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March 24, 2011
It’s hard to believe that it was one year ago that President Obama signed into law the Patient Protection and Affordable Care Act (PPACA). At the bill’s signing, the President promised “more security and more stability for Americans who have health insurance”. While no one will claim that mission has yet been accomplished, one thing is clear — there remains a great deal of confusion. In last week’s Kaiser Family Foundation survey, 53% of those surveyed said they are confused by the law, only slightly less than the 55% who reported the same last April. Last month’s Kaiser poll found that almost half of those surveyed thought the law had been repealed.
It is no wonder people are confused. There has been so much information, much of it wrong, plus new rules seemingly being released or changed weekly, not to mention the lawsuits and the House’s largely symbolic measure to repeal the law. The fact is, PPACA remains the law and it is having and will have, far-reaching implications on employer-provided health plans. Waiting for its repeal does not seem to be a good strategy. So, while the courts wrestle with the legal challenges, the federal agencies struggle with the rules and regulations, and the states try to determine their roles, employers are beginning to look beyond the initial round of mandates – e.g. dependents covered to age 26, elimination of certain plan limits and the question of whether to grandfather or not.
Employers are starting to analyze their populations and benefit designs to determine what they want their plans to look like longer-term and to develop strategies to mitigate concerns from the major provisions coming in 2014, particularly the pay-or-play penalties. It will be critical for employers to understand how the eligibility and affordability provisions will impact them. The result will be very different depending upon the number of part-time and/or low-income employees in your group.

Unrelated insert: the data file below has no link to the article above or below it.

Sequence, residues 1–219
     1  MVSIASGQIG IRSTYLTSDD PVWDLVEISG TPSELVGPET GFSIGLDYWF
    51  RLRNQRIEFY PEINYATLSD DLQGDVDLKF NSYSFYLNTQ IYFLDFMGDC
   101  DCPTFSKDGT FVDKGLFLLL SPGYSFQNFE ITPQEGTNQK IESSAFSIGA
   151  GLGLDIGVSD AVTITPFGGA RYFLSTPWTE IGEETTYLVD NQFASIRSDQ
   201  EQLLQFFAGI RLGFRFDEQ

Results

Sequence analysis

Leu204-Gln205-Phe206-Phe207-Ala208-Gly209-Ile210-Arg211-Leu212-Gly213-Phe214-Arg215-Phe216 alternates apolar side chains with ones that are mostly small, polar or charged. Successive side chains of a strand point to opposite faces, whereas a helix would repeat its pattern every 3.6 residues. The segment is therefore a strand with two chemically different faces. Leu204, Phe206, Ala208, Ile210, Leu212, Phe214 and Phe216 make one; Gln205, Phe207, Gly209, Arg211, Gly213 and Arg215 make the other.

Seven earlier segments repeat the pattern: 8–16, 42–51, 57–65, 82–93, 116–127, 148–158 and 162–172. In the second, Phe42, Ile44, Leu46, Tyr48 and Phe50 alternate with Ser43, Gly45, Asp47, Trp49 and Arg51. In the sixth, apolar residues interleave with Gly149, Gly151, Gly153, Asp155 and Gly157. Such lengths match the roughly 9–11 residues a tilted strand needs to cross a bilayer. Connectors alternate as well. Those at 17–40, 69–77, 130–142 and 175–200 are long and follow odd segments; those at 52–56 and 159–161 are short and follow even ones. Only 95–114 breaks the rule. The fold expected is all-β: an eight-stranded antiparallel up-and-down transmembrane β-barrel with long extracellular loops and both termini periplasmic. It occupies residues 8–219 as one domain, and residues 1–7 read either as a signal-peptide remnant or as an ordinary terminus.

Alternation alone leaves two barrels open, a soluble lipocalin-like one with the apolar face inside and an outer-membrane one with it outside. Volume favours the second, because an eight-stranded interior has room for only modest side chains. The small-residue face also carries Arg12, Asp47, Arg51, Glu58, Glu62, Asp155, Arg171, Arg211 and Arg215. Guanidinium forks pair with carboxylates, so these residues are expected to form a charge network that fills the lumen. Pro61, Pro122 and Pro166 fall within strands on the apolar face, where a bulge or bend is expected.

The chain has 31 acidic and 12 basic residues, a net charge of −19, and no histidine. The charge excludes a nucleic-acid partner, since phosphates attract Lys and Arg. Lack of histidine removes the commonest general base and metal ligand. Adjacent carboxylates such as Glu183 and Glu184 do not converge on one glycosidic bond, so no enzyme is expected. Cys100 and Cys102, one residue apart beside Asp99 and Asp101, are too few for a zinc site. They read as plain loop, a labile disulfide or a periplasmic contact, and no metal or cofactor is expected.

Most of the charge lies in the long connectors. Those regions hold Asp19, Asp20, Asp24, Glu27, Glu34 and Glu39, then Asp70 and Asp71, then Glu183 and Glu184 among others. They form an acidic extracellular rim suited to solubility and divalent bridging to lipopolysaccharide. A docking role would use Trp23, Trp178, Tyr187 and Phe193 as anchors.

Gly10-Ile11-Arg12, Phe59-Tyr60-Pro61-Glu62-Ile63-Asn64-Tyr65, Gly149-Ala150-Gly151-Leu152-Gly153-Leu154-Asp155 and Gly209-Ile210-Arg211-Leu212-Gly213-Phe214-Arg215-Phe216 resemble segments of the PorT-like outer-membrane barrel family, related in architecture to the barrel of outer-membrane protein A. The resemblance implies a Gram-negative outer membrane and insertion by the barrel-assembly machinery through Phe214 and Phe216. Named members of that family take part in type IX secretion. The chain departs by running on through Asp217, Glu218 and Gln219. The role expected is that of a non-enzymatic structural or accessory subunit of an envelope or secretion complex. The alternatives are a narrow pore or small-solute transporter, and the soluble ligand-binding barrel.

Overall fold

We did receive a couple of gifts from the government at year end with delays in the W-2 reporting requirement and the non-discrimination rules for fully-insured plans. The W-2 rule will go into effect in 2013 and the non-discrimination rules are expected to be effective no earlier than 2012.
A couple of provisions to be aware of this year include the HHS uniform benefit disclosure form which is scheduled to be released this week and will be required in 2012. Also starting next year, plans will be required to provide 60 days advanced notice of any changes. This will necessitate that the insurers get their renewals out sooner than they commonly do today (especially for smaller groups) and will force employers to accelerate their decision-making.
As much time as we have spent discussing PPACA, employers’ #1 concern continues to be the affordability of their medical coverage – for the company and the employees. With cost trends continuing well above CPI, most employers’ immediate concern is to come up with solutions to mitigate another cost increase – solutions that are not forthcoming from PPACA. It may be time to review and update benefit management strategies, including plan designs and funding approaches, as well as explore ways to engage employees in wellness and health management programs.
The views and opinions expressed within are those of the author(s) and do not necessarily reflect the official policy or position of Parker, Smith & Feek. While every effort has been taken in compiling this information to ensure that its contents are totally accurate, neither the publisher nor the author can accept liability for any inaccuracies or changed circumstances of any information herein or for the consequences of any reliance placed upon it.